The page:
On Saturday, Igor, mom, and I went to the Pullman Open House to tour the homes. The weather was gorgeous; I do not remember ever being on that tour on such a perfect day. Also, that was the best open house we’ve attended from the organizational point of view; the route was planned perfectly, the sights were clearly marked.

Most of the houses which were this year were the new ones. And this time, no pictures were allowed inside, except for two places that contained exhibits.

Mom got tired of climbing the stairs in most houses, but overall, she liked this whole experience, and I am glad we took her out. Like one of the older volunteers commented: keep her moving!

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Tallinn: Getting Inside

The rain started shortly after 11 AM, as forecasted. At first, we could ignore the random drops, but later, the rain became more substantial, and we switched to numerous museums and cafes.

The first cafe we landed in was Maiasmokk, the oldest in Tallinn (in business from 1864). That was the first public space we entered in Tallinn, and there we learned that by city ordinance, proof of COVD vaccination is required to enter any place. Masks are still required.  

Tallinn depends heavily on tourism, and I was very happy to observe that this requirement didn’t impact tourism negatively and that the business owners were happy to comply with the city ordinance. 

This round pastry with cinnamon was heavenly good!!!
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Chocolates

I came home last night – a flight was a little bit delayed, but otherwise nice an comfortable, and there were very few people on the aircraft. I am on the CTA on my way to the office, and I have a detail appointment after work, and somehow I need to squizz in a conference call on a non-work-related topic.

I still want to post another hundred pictures from Tallinn, which I hope to accomplish in the next couple of days. Life goes on.

And here is… well, I had an “economy light” fare, which meant no luggage… but I know how to use my carry-on wisely 🙂

Tallinn: Walking The Streets Of The Old City

Until it started raining, we walked along the familiar streets, and each turn made me happier and happier. It’s not like I thought that pandemic is forever, but for a while, I was thinking – will we ever have this freedom again?! And Tallinn… I really love Tallinn – for many reasons, not only because it is Boris’ city. 

Remember what I said earlier about going abroad in the time of the Soviet Union? To put it bluntly, we were not allowed to travel abroad, period. But the Baltic countries (no matter they were called “Soviet republics,” we knew better!) were our tiny windows to the Western World. We knew that “we” – Soviet Russia, were hated, and somehow that fact also reassured us that we were in real Zagranitza. An overnight trip to Tallinn by train on student discount cost 6 rubles – something we could afford, and going to Tallinn for a day was one easy way to stay in a fairy tale for a day. A night in the train car, a day there, and another night back.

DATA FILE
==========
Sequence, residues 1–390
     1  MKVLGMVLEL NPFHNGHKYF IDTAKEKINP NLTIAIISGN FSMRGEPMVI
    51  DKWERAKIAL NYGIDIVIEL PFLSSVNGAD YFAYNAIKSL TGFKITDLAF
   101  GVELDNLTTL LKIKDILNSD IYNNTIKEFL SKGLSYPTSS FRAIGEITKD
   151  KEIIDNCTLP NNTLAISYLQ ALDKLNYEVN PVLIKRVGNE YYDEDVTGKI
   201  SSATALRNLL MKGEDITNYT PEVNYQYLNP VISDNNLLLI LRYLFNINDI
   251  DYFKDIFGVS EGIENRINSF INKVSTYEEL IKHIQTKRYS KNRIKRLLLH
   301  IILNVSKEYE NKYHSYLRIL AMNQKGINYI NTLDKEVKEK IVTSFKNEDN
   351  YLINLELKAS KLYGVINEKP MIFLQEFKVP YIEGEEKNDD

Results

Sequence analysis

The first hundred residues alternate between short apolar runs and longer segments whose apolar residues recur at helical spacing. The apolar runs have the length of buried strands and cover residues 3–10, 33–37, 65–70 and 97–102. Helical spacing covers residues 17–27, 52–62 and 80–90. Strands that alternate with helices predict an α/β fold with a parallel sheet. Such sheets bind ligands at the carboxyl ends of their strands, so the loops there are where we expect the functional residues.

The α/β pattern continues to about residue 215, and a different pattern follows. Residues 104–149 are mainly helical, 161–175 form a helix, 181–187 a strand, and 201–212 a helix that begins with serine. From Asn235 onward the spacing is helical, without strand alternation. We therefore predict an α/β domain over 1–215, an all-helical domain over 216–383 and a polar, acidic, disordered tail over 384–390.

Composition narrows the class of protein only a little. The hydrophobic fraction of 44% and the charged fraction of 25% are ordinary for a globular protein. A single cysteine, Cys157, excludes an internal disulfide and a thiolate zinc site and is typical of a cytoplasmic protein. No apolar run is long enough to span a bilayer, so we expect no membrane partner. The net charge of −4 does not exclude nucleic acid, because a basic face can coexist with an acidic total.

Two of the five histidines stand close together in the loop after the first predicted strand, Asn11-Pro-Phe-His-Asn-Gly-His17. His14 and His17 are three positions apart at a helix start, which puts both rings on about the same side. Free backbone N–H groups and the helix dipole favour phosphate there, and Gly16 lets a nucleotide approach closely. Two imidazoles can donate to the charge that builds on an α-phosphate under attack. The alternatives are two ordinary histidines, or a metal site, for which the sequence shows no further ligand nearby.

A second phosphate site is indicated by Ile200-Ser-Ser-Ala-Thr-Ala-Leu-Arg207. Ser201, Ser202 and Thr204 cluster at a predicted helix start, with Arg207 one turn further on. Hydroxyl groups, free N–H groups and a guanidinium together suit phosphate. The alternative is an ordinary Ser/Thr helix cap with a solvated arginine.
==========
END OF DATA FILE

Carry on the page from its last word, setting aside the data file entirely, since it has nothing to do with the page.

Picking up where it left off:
When we entertained the German student delegation, one of the tours we offered them was a day trip to Tallinn. We even managed to book a tour in German! We endlessly walked around the city, and I can only imagine how our German visitors felt. During the day, we grabbed food here and there, but when it was time to have dinner, our German guests wanted to go to Vana Toomas. 

Now, Vana Toomas was (and still is) the restaurant on the Townhall Square, and it was the only “real thing” back then. And it was guarded against “invaders.” I almost forgot about this story, but yesterday, Boris reminded me about it when we passed Vana Toomas (not about the story – he was not a part of it, but how I told him this story).

We told the Germans that we could try, but they had to speak, and we would be silent. They agreed, and about fifteen minutes before the restaurant was to be open for dinner, we lined by its doors. In five minutes, several tall, muscle, and silent Estonians approached and asked one of the Germans in Russain what the hell they thought they were doing here. Following our instructions, the student replied Ich verstehe nicht. This answer created an instant miracle: we were cordially invited in, and the staff even moved the tables to accommodate our big company. We (three Russian female students) kept our mouths shut and whispered to the Germans when we needed something. 

We loved Tallinn, loved its unique Medieval spirit, the walls and the gates, and the towers. We loved their independence. We loved that they hated us. 

These times are gone. I had this feeling even in 2016, but even more now. We walked the streets of the city with Boris, and he told me that he felt this difference during multiple trips to the Baltic countries in the past several years. He told me: these countries parted their ways with Russia irreversibly and forever. And they do not hate anymore. They just not care. Pretty much like Finns.

Here is to our love and adoration for this unique place …